Strullu M, Rakotonjanahary J, Tarral E, Savagner C, Thomas C, Mechinaud F, Reguerre Y, Poignant S, Boutet A, Bassil J, et al. Evaluation of health related quality of life in children with immune thrombocytopenia with the PedsQL 4.0 Generic Core Scales: a study on behalf of the pays de Loire pediatric hematology network. Health Qual Life Outcomes. 2013;11:193.
The Quality of Life study described in this paper was carried out using the KIT and PedsQL™ 4.0. KIT is developed by Robert J. Klaassen and Barnard et al. Permission to use KIT was granted by Robert J. Klaassen. Dr. James W. Varni develops PedsQL™ 4.0. Permission to use PedsQL™ 4.0 was granted through the following contact information: MAPI Research Trust, Lyon, France. E-mail: PROinformation@mapi-trust.org – Internet: www.mapi-trust.org. We thank the authors for their trust and support. firstname.lastname@example.org
We also thank Dr.Runhui Wu from Beijing Children’ Hospital for her generous guidance.
This research was partly supported by Key Project supported by Medical Science and technology development Foundation, Nanjing Department of Health (ZKX12031). The funders had no role in study design, data collection and analysis, decision to publish, or preparation of the manuscript.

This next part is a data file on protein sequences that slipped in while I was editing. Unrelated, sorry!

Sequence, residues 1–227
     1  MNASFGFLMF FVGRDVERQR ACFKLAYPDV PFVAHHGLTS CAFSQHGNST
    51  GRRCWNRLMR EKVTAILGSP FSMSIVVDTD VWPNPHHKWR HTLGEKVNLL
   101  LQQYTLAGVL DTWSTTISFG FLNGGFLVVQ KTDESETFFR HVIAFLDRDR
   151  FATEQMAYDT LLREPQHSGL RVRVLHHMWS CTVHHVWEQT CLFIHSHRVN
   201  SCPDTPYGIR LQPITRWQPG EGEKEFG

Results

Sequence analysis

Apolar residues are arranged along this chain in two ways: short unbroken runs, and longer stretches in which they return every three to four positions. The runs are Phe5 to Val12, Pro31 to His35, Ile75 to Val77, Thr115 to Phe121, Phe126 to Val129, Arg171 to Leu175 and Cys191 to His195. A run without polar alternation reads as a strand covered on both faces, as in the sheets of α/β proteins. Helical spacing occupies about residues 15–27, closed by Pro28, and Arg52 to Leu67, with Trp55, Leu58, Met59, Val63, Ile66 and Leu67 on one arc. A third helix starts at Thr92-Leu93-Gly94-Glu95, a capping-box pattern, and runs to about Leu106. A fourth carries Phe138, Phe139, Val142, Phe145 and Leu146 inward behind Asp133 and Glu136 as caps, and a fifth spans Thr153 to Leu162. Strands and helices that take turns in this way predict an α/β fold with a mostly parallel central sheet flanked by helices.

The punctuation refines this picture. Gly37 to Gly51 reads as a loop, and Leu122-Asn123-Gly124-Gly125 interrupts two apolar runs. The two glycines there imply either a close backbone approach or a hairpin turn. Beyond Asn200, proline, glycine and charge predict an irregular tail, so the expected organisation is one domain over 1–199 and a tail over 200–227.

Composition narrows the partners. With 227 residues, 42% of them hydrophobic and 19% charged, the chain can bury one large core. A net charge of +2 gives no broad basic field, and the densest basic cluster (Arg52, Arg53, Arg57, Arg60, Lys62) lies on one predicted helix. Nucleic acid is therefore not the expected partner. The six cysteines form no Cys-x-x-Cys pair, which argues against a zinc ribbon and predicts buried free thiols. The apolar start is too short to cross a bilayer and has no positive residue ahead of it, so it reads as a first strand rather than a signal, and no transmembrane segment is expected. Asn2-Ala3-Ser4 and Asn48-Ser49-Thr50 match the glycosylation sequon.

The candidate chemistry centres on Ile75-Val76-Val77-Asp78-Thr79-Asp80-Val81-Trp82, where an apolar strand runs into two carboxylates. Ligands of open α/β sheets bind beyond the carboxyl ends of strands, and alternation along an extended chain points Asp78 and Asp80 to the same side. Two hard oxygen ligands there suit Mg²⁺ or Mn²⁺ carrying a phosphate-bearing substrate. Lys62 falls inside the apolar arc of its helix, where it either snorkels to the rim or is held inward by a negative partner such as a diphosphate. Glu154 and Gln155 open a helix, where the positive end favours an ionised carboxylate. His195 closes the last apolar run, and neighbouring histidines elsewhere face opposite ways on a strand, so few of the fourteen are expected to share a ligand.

The authors declare that they have no competing interest.
YF and HZ made substantial contributions to conception and design. HZ been involved in drafting the manuscript. LW and MQ collected the data. JH, PW and QL are general supervision of the research group. All authors read and approved the final manuscript.
About this article
Cite this article
Zhang, H., Wang, L., Quan, M. et al. Health-related quality of life in children with chronic immune thrombocytopenia in China. Health Qual Life Outcomes 14, 45 (2016). https://doi.org/10.1186/s12955-016-0445-3
- Immune thrombocytopenia (ITP)
- Health RELATED QUALITY OF life (HRQoL)
- The Kids’ITP Tools (KIT)
- The pediatric quality of life inventory™ (PedsQL™)